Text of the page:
Enabling Privacy and Traceability in Supply Chains using Blockchain and Zero Knowledge Proofs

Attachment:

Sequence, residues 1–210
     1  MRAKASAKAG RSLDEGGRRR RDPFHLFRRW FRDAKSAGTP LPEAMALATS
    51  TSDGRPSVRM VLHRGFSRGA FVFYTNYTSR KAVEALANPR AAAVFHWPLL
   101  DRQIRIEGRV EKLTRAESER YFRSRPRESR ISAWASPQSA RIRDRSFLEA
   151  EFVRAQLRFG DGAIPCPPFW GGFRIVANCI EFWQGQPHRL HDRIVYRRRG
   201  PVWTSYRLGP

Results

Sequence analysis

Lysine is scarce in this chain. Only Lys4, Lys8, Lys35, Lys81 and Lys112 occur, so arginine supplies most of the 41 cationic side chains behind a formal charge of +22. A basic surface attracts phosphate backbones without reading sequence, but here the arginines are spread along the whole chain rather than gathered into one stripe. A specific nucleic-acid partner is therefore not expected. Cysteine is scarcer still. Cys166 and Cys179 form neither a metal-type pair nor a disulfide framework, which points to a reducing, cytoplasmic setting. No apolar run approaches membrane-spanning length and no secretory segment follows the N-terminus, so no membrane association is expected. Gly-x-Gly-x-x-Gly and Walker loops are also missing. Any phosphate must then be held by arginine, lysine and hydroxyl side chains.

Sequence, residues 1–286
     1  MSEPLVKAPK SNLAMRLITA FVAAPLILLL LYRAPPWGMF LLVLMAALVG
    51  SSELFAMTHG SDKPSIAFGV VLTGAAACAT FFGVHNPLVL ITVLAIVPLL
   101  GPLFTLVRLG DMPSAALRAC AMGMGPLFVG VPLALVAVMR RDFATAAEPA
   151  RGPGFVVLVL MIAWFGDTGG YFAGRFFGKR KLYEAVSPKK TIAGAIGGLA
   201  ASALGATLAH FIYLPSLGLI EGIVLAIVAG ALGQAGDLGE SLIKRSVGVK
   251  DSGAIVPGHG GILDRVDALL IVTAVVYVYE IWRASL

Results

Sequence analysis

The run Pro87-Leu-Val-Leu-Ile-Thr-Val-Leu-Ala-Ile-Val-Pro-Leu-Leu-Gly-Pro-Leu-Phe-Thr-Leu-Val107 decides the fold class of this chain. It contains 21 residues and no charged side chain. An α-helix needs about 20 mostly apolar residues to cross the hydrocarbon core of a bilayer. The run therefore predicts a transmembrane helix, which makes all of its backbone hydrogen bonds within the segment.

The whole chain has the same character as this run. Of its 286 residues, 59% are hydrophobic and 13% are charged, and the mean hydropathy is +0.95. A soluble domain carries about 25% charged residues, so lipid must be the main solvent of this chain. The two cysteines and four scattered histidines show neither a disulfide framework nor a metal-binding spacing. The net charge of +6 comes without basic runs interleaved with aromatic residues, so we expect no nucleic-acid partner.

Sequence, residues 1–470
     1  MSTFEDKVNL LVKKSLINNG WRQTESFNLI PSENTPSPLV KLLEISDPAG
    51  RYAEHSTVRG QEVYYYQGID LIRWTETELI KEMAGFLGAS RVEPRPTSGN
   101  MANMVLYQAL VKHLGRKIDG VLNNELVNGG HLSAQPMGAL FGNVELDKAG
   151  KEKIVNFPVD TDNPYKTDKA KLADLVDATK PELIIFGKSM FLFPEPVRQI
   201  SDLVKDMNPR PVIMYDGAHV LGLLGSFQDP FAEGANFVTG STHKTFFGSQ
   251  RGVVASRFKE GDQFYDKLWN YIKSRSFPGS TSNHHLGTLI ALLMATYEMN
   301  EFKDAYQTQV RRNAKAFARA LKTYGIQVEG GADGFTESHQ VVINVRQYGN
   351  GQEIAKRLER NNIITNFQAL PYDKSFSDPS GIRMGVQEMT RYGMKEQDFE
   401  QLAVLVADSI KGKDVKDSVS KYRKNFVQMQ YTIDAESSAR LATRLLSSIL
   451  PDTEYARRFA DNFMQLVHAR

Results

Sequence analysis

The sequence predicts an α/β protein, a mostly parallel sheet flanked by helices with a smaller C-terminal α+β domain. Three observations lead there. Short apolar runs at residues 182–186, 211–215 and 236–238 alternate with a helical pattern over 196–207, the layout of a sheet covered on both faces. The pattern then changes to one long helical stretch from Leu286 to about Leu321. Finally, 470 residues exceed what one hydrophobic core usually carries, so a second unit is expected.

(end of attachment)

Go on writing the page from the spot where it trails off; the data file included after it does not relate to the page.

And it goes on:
In recent years there have been increased efforts to make supply chains transparent and traceable to better protect the end consumer's interests against counterfeiting, contamination, false claims, and inadequate processes. The actors in the supply chain can also leverage additional visibility to proactively tune their operations in response to upstream or downstream disruptions. Blockchain technology, with its promise of immutability, transparency, and provenance is a natural fit to supply chain problems. Several works have discussed the improved design of supply chains leveraging blockchain technology. There have been attempts to address some of the privacy concerns of participants on the blockchain network by using encryption schemes to hide confidential data and group signatures to hide the participant identities. But these do not handle the complexities of the supply chain, where items are constantly packaged, repackaged, and transformed before reaching the end consumer. Our work presents a blockchain-based model for the supply chain that provides privacy and traceability with efficient contamination tracing while accounting for the aforementioned complexities of the supply chain operations. The last property enables an end consumer to be convinced about a product to be unaffected by identified faulty upstream processes (contamination) without access to the entire history of the product. Our solution makes novel use of cryptographic tools such as zero-knowledge proofs and cryptographic accumulators to provide these guarantees. The choice of the cryptographic components is grounded in concrete efficiency, and we present an experimental evaluation of the implementation of our protocol on Hyperledger Fabric, a popular platform for enterprise blockchains.